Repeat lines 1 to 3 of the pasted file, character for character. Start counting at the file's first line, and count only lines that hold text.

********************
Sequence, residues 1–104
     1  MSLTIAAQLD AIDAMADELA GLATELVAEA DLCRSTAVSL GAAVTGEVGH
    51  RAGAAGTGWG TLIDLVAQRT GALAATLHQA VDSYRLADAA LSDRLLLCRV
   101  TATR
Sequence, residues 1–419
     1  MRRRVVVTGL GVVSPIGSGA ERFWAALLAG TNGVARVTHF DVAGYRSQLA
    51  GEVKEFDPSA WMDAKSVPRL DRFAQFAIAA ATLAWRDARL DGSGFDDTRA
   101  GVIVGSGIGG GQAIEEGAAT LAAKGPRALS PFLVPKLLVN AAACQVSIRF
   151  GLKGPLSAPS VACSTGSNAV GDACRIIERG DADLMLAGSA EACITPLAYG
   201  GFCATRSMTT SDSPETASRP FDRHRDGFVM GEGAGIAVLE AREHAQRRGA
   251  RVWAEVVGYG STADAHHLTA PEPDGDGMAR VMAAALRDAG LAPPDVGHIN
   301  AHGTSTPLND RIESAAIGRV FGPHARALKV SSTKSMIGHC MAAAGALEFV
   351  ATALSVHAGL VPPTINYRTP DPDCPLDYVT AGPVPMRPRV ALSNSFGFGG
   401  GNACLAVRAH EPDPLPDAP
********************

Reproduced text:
Sequence, residues 1–104
     1  MSLTIAAQLD AIDAMADELA GLATELVAEA DLCRSTAVSL GAAVTGEVGH
    51  RAGAAGTGWG TLIDLVAQRT GALAATLHQA VDSYRLADAA LSDRLLLCRV